The Learning to Grow Garden Club president gave the club one last shot at existence after having thoughts of dismantling the club toward the start of the semester.
Progress has been slow for The LGGC as it continues to wait for its final approval after nearly two years of patience, paperwork, and a high concentration of meetings. The club’s future rests in the hands of Dixie State University’s space committee, a committee whose purpose right now is to decide whether or not The LGGC’s educational garden is a good idea for the school. If accepted, the garden would reside at the newly acquired property located at 658 E. 200 S.
Victoria Rose, a junior nursing major from St. George and the unofficial club president, said, “Initially, [the club] started out as a way for students to become involved with sustaining themselves [while] finding pride in what they do [as] they provide for themselves and their families.”
The initial creation and plan of the club by Bryan Stevens, an adjunct professor of life sciences, was to fulfill two purposes: create an organic food source for the DSU Food Pantry and create an opportunity for students to learn how to serve themselves and those around them.
By serving, Stevens said it will help students “emotionally and physically” while teaching them to help their fellow peers to have healthy and nutritious food.
The biggest hiccup though for the potential club, Stevens said, was neither himself nor Rose knew who to talk to in regards to seeking approval. Stevens said it’s important to know the right people, and they have to be on board with your ideas.
“It has been incredibly hard, but now we actually have the right people in play,” Stevens said. “It’s already been proposed to the president and everybody that needed to hear about it, and everyone [loved] it.”
Stevens said the idea of joining the club and being able to play a part in taking care of a garden is of a huge interest to students. Every time he has proposed this idea, he said on average, at least 60 students have expressed their desire to help.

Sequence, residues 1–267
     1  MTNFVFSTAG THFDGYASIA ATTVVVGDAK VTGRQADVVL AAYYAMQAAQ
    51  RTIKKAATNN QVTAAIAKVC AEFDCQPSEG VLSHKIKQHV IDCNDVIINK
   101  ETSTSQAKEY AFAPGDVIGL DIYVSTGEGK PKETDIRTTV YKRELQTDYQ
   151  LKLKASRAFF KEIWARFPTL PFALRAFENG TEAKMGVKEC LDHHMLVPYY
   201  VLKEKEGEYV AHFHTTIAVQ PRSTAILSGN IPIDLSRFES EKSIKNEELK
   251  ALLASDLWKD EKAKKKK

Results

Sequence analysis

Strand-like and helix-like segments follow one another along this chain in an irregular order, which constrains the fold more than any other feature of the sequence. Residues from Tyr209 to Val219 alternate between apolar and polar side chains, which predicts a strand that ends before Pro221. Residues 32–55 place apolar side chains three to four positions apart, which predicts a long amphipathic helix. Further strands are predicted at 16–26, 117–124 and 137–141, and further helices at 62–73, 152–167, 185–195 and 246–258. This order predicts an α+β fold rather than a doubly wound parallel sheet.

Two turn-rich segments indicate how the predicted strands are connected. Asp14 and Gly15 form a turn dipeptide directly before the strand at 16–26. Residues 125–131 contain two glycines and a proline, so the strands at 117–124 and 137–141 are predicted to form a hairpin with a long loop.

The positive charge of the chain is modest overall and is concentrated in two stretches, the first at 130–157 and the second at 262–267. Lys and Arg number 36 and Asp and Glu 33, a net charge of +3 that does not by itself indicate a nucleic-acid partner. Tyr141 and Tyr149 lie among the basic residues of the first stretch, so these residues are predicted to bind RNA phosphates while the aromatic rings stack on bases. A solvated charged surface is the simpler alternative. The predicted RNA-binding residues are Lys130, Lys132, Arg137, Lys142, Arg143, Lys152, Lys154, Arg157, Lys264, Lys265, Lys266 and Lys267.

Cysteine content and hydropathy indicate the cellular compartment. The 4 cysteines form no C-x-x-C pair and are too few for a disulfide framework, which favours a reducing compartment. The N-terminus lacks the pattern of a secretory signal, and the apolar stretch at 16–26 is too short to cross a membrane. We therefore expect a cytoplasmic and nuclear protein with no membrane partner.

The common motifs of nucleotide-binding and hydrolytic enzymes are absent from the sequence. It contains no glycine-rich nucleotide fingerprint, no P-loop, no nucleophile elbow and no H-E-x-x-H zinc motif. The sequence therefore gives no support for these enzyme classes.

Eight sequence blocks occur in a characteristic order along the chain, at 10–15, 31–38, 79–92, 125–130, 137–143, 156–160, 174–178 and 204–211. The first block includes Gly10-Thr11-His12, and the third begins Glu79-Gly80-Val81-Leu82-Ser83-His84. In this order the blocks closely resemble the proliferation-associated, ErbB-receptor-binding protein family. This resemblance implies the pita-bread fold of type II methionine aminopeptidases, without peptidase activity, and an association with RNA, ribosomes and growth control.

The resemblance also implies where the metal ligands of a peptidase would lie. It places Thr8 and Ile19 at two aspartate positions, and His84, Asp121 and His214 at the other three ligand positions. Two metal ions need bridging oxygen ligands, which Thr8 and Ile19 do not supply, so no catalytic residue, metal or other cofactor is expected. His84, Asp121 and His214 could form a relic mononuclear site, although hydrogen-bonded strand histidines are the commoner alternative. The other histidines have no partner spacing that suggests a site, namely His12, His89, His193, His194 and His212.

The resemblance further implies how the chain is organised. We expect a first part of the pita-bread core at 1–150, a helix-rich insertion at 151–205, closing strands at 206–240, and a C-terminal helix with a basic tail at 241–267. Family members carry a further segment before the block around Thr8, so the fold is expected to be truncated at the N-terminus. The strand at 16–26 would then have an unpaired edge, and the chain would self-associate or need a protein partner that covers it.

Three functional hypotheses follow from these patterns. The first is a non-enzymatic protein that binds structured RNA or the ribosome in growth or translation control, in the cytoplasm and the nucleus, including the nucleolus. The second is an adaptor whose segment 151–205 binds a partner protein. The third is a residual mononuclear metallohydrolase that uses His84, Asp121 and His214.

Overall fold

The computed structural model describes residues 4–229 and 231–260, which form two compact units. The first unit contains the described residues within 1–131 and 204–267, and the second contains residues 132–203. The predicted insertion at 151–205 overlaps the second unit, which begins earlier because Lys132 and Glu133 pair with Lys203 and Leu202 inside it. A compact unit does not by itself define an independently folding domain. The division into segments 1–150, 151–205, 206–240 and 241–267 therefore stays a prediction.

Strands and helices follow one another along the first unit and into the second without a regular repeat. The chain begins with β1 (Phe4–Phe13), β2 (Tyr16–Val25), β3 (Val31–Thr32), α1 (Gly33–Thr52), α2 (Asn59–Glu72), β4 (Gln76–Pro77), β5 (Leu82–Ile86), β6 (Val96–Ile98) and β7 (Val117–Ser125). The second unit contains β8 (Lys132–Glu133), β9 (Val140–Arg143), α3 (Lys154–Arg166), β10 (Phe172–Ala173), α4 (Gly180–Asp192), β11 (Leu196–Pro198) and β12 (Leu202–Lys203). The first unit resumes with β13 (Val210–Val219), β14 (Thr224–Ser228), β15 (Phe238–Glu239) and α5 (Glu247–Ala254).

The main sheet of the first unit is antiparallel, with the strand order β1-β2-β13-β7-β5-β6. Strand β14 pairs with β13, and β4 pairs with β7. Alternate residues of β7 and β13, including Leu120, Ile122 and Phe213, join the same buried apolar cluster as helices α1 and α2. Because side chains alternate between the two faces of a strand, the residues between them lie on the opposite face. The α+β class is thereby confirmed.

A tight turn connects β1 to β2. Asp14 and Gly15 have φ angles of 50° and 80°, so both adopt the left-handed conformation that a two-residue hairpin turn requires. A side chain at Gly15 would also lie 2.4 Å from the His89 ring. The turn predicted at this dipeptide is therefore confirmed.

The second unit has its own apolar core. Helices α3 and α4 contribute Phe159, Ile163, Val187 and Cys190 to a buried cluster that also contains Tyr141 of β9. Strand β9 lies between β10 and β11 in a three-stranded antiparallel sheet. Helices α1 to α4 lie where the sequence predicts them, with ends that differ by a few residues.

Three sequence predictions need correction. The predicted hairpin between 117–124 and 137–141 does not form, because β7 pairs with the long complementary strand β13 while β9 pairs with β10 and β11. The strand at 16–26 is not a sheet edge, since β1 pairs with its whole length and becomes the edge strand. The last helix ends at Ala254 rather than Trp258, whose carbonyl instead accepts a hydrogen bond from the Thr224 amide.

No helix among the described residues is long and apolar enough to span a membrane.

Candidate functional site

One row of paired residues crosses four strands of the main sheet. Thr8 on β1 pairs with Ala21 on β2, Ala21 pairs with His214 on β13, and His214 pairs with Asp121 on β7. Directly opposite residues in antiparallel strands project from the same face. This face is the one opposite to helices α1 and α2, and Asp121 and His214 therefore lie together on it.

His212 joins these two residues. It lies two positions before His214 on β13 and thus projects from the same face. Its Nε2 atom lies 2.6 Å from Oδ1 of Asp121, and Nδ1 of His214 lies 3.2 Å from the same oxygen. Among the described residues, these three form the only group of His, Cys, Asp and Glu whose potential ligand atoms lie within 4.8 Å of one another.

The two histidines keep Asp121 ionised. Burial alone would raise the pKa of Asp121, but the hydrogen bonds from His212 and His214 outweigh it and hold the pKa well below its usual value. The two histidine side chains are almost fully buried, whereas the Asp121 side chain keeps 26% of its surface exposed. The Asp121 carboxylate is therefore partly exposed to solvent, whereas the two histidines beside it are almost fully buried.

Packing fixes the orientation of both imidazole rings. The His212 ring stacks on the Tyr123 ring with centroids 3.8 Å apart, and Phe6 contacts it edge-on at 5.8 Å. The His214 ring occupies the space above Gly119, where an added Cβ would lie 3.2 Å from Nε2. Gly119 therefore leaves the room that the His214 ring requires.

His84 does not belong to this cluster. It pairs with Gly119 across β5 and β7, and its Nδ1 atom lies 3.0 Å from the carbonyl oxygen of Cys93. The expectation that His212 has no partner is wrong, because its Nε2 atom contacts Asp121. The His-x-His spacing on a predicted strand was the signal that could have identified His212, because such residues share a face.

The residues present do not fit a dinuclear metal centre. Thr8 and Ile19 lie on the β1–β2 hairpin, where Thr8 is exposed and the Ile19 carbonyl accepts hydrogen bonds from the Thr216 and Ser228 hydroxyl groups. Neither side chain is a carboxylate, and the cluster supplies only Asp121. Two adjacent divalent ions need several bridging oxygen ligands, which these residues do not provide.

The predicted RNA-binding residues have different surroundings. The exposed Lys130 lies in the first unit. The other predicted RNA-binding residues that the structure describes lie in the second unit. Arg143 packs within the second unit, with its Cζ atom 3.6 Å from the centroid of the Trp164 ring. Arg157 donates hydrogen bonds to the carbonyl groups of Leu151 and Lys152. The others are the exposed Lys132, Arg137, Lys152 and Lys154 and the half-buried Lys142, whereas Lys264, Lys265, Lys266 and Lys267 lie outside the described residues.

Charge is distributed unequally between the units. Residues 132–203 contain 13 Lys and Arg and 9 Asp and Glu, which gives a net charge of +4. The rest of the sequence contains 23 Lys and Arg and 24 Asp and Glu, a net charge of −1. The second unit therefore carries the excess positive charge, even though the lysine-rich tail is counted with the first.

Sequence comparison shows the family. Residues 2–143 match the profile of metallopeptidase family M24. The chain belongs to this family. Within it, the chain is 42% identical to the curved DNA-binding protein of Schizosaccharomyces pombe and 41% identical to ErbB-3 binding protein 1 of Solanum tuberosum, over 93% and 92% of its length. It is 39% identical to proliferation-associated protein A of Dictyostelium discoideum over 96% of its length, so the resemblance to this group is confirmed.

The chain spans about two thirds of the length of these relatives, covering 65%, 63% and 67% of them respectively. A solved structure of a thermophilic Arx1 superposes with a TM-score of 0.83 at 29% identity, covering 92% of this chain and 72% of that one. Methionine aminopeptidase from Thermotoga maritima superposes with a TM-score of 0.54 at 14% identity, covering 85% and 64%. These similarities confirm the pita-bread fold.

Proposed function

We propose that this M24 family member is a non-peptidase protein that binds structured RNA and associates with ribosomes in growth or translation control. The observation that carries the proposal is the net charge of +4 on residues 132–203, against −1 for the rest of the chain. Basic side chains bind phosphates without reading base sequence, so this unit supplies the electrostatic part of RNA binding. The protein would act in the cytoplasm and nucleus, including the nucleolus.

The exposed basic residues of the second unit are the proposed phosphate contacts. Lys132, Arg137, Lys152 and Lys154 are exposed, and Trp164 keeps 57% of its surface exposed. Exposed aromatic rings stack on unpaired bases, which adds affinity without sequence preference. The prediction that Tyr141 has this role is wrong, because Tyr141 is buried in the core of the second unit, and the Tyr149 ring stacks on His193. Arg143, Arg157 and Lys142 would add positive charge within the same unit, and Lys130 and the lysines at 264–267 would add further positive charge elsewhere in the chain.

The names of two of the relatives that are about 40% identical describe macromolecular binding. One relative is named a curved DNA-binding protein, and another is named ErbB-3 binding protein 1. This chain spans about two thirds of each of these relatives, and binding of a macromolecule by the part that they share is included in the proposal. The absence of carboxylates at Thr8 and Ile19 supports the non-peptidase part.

Stevens also said there has been students who have anticipated that all they need to do is pull some weeds, but end up drifting away after they have realized the paperwork had not been finished.
Yet, two DSU employees have said because of the high turnover a university typically has, there’s been concern the responsibilities for the garden will end up in the hands of someone who is not a student.
Community Engagement Specialist Karyn Wright said there may be a need for faculty members to take ownership of the garden because “students come and go.”
Debi Roth-Carrillo, the landscape and ground supervisor for DSU, said her director, Sherry Ruesch, believes the landscaping department already has “too much to take care of” and thinks the responsibilities of caring for the garden may end up falling into the hands of the department.
The potential club is now required to wait as the final verdict has yet to be announced.
“Waiting is the hardest thing,” Rose said. “This is my baby.”